The same goes for other forms of capital. Ten years ago I had competent programming skills in computer languages that are no longer around. Building that capital again would be akin to demolishing the house and starting over. The rapid changes in knowledge and skills requirements means you need regular investments in these areas to maintain your capital.
Social relationships also require regular maintenance. Invest in your relationships. Give without expecting a return. Catch up simply to hear what other people are up to and where you can add value. Imagine a world where a focus of any meeting was seeing how each person could add value to others around the table. Build your community, as in the end that is what has real value.
3. Know where you are building your capital and diversify
Like a house on a block of land, your knowledge, skill and social capital sits on real estate. You should be aware who owns the real estate on which you are building your capital.
Some people spend their careers building capital for whoever employs them. They are then at risk when they are told their services are no longer required and realise they have left all their capital in someone else’s property. Others may want a career change, but need to build knowledge, skill, and social capital in another area to create a space to move into.
Building your own capital is not being disloyal to your employer; it is being responsible for yourself, which in turn makes you more valuable to whoever you work with and for. This can often be realised with a slight change in intention and an investment of energy on top of what is required.
For example, let’s say you are involved in delivering a project (we will try to generalise as much as possible and say it can be an engineering project, a change project in your organisation, an IT project, or anything that has a start and finish date). You may define success as simply getting paid for completing the project. You would then be building capital for whoever benefits from the project outcomes and whoever receives the benefit from the experience increase in the project team.
Alternatively, do you have an interest in a knowledge area you can spend time researching to raise your own awareness in your part of the project? Can you seek out new skill areas to develop on the side related to the project? Are there other people or communities in your industry who have completed similar projects you can connect with to share lessons and expand your network?
Doing these things allows you to diversify, creating connections and expanding your knowledge in a capital real estate that you own.
4. Be accountable for your capital
You are accountable for building and maintaining your own capital. The last time someone was accountable for building your capital for you was your parents sometime in your early teens. This unfortunately does not happen for many people, as parents generally pass on to their children whatever approach to capital as was passed on to them by their parents.
Your employer is not accountable for building your personal capital. Your employer is accountable for building the capital in their organisation. This may include human capital (acknowledging that as the awkward term that it is), as highlighted by the likes of the Deloitte report on annual trends in human capital. However, that accountability is only in relation to the extent that people help the organisation achieve its goals.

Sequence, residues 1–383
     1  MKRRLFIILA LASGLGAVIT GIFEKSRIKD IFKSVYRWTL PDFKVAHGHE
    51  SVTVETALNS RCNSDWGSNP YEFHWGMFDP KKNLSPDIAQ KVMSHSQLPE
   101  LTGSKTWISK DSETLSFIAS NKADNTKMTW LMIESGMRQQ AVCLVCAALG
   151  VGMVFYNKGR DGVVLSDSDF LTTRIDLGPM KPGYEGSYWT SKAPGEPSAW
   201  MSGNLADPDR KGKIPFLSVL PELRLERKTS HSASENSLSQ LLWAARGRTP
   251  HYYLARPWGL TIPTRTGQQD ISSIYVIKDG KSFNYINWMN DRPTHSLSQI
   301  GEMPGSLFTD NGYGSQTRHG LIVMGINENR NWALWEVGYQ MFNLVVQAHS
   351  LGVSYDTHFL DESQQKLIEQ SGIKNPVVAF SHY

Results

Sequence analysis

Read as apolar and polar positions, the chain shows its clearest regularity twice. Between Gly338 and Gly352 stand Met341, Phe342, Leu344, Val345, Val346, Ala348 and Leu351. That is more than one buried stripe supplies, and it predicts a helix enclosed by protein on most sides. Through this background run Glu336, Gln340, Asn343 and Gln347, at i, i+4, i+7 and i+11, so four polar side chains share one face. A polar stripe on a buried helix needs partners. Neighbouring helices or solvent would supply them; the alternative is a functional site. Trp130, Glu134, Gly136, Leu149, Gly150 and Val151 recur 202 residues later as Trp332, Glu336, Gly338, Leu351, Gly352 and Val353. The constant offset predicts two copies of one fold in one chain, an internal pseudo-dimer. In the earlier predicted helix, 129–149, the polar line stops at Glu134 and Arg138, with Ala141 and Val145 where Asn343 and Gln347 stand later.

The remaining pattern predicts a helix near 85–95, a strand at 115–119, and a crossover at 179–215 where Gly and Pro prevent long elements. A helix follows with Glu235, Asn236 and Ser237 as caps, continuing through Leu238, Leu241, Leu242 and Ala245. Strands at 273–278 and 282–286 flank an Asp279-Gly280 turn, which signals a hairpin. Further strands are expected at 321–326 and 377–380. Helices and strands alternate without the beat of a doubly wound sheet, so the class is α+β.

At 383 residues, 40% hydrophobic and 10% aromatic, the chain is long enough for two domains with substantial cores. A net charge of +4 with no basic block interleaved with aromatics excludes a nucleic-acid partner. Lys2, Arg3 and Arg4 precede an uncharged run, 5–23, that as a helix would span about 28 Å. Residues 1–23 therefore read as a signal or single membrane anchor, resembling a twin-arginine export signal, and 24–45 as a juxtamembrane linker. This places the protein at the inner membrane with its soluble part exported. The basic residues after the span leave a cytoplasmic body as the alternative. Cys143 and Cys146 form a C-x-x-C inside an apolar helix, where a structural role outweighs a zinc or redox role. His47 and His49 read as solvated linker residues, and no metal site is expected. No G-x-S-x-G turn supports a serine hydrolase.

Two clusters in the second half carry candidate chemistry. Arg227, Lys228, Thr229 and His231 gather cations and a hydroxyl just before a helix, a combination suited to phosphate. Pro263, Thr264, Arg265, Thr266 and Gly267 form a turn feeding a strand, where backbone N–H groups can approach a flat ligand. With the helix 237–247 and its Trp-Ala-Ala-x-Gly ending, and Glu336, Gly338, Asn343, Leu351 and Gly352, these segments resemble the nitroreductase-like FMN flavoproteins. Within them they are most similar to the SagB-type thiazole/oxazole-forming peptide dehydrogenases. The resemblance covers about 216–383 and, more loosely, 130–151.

Your partner is not accountable for building your personal capital. They, like you, are accountable for their part in a loving relationship. They may provide support for you and create an environment where you both can grow and develop, but that does not extend to building your capital for you.
There are also professions such as psychologists, teachers, and coaches whose roles are to help you build your personal capital, much like an architect might help you design a house, an investment adviser may help you grow your bank account, or a management consultant may help you build your business. Ultimately, however, their accountability ends at showing you the way.
Once you accept you are the only one who is accountable for building your capital, then you can start making choices about where you want to play.
What is your capital?
The tax offices indicate that those who make economic investments in capital have potential for greater financial wealth. The same appears to be true for other forms of capital like knowledge, skills, and relationships.
With this in mind, what are some areas where you could build capital?
Taking a capital perspective can be challenging but is also exciting. As Pikkety noted, capital is risk-orientated and entrepreneurial, but this is part of the appeal. Building your capital makes you feel alive, and you want to share the experience with others who are on the same journey.
Once you start the conversation, you can expect to attract like-minded people. Using my own life as an experiment, capital conversations have resulted in three exciting start-up projects where I partner with great entrepreneurs to invest our various forms of capital for great potential. I also find I am having more conversations that result in the building of other’s capital.
Based on these experiences, my hope in writing this is that a capital perspective might help you with where you invest your time and energy. If you feel others might benefit from a capital mindset, please feel free to pass the message on through the links below. If you have your own capital building stories, I would love to hear about them in the comments at the bottom of the post!